litocalasexsignata Litocala sexsignata (Noctuidae) sipping Desert Apricot. We've also seen it sipping mud at Culp Valley and perching on Desert Scrub Oak (Quercus cornelius-mulleri). Oaks are listed as the hostplant. Length of costal forewing: ~ 15 to 16mm. Could the species name 'sexsignata' refer to the six spots, three on each dorsal hindwing? Note also the white under HW fringe. We saw it hilltipping with the Mournful Duskywing that also has a white frinbge -- and it even flies like a skipper. It also hilltops on Pinyon Ridge.
Phaeton Sphinx *Phaeton Sphinx, Euproserpinus phaeton mojave (Sphingidae) perching on a sandy trail. Often it will hop from one tiny plant to another, sometimes even whirring its wings like a hummingbird. A neat very small sphinx moth!! Length of costal FW: ~16 mm. Hostplants are evening primroses. On March 5, 2002 we found its larva eating Dune Primrose and it pupated the next day. A very early moth on the desert, as it only has one flight a year. It also eats Camissonia pallida at higher elevations a little later in the season.
hyleslineataWhite-lined Sphinx, Hyles lineata (Sphingidae). By far our most common moth--in the larval stage! Especially, during years of mass eruptions, such as 2004! Its favorite hostplants are the evening primroses, especially Dune, Brown-eyed and California, but it also avidly eats Sand Verbena and, when all those plants have been eaten to stubs, almost everything else that is growing. The caterpillar burrows into the sand to pupate. Length of costal wing: ~35 mm.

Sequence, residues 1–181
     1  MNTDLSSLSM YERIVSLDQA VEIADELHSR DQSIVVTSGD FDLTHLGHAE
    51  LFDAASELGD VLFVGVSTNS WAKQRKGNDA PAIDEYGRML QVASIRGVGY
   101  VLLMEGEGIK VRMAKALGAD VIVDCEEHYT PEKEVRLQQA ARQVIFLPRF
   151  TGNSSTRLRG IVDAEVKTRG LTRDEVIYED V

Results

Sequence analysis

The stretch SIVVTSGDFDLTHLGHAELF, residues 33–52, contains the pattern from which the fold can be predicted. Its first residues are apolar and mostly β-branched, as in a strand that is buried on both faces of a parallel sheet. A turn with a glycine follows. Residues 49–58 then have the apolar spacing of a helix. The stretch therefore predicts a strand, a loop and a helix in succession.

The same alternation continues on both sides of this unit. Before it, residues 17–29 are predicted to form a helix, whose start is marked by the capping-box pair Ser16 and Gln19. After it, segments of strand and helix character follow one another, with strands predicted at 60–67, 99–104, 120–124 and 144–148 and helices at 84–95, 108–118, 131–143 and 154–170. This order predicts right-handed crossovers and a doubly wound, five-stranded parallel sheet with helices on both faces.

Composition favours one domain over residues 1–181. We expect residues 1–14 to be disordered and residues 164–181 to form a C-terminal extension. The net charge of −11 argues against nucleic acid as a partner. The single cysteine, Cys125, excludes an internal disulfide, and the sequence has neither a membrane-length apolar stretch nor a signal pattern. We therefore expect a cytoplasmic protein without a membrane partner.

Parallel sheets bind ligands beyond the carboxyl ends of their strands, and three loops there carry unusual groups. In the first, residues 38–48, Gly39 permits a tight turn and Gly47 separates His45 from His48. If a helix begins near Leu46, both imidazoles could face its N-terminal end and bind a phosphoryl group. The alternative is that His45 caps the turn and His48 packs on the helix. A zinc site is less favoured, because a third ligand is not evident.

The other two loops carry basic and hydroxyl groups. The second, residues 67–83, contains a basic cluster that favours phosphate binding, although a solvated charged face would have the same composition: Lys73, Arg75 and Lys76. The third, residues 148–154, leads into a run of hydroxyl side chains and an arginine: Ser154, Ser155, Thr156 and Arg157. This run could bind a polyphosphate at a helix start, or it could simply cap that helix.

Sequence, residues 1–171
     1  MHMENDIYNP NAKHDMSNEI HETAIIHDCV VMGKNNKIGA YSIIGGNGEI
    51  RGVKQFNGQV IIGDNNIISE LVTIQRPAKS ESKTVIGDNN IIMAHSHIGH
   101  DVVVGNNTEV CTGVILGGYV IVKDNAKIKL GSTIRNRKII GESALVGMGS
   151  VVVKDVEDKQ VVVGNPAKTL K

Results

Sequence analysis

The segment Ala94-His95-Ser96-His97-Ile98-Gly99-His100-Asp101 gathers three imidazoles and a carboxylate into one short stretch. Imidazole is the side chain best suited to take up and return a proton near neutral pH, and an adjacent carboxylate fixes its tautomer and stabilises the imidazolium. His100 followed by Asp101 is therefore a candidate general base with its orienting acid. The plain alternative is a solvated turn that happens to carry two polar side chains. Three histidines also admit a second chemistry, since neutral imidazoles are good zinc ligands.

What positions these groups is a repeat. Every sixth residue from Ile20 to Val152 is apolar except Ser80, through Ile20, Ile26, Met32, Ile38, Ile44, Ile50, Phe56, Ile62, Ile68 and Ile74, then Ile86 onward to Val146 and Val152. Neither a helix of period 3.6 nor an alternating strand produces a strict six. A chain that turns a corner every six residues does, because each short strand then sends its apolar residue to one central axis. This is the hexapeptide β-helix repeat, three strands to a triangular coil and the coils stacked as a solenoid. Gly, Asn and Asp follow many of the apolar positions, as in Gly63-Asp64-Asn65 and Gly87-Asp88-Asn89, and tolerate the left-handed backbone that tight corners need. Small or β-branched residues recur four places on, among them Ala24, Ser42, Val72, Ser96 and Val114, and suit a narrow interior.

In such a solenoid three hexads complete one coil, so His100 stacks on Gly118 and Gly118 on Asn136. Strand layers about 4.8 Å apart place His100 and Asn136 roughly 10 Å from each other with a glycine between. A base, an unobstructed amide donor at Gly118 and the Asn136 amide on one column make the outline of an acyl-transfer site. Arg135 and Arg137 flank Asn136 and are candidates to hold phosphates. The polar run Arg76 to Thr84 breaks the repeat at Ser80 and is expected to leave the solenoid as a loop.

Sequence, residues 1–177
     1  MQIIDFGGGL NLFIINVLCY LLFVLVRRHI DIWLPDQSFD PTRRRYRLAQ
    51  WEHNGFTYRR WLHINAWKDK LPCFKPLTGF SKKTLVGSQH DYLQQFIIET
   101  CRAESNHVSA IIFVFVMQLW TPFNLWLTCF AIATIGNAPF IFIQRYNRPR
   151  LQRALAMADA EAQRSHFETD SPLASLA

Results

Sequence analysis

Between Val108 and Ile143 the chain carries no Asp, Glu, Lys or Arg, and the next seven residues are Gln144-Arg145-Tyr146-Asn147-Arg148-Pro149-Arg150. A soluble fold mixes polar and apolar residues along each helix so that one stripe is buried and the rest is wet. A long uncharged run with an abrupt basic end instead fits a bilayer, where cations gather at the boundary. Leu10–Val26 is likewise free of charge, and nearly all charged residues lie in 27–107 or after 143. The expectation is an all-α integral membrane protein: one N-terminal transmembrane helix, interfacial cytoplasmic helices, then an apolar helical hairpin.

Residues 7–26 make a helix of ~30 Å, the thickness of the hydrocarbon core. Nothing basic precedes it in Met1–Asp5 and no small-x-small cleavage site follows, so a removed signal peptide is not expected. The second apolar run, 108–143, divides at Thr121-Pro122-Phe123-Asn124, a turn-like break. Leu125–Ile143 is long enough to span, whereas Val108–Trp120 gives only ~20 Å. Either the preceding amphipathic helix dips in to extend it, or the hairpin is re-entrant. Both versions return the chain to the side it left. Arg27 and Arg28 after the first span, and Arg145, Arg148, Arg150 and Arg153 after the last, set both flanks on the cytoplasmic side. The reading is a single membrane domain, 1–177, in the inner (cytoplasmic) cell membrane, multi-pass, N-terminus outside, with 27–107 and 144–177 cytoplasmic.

Narraga fimetaria*Narraga fimetaria (Geometridae) holds its wings butterfly-style. Its costal FW length is ~10 mm and it looks a little like the underside of a small white marble or orangetip -- until you see the feathered antennae! Snakeweed, Gutierrezia sarothrae, in the Aster family is listed as one of its hostplants.
Chrismania pictipennalis*Chrismania pictipennalis (Crambidae) perching on sand. With a costal FW length of ~ 8 mm, it is actually a little larger than the Western Pygmy Blue. It skips along a sandy trail, often stopping at a filaree or other small plant. Underwings are apricot. Hostplant not listed.
Spanish Needles FlowerSpanish Needles Flower Moth, Schinia niveicosta (Noctuidae), resting on Spanish Needles, its hostplant. Note the orientation of moth and flower. This moth is beautifully marked with pink. Some individuals are more tannish or more lightly marked. Length of costal FW: ~12-13 mm.
alfalfa looper The Alfalfa Looper Autographa californica (Noctuidae) was almost as common as the Painted Lady in March, 2005. As we would walk through the desert, eight to twelve or more moths would fly out of almost every shrub. This particular Alfalfa Looper, raised from the caterpillar shown at right, pupated on 2 March and emerged on 14 March 2005.
alfalfa looper cat Alfalfa Looper larva eating Desert Sunflower, Geraea canescens, Henderson Canyon Rd., ABDSP, 28 Feb 2005. This caterpillar has many host plants.
Schinia sueta californicaSchinia sueta californica (Noctuidae) Montezuma Vista Point, ABDSP, CA 21 March 2005. Found by Paul Johnson on 2005 NABA Count. Host plant given as Lupines.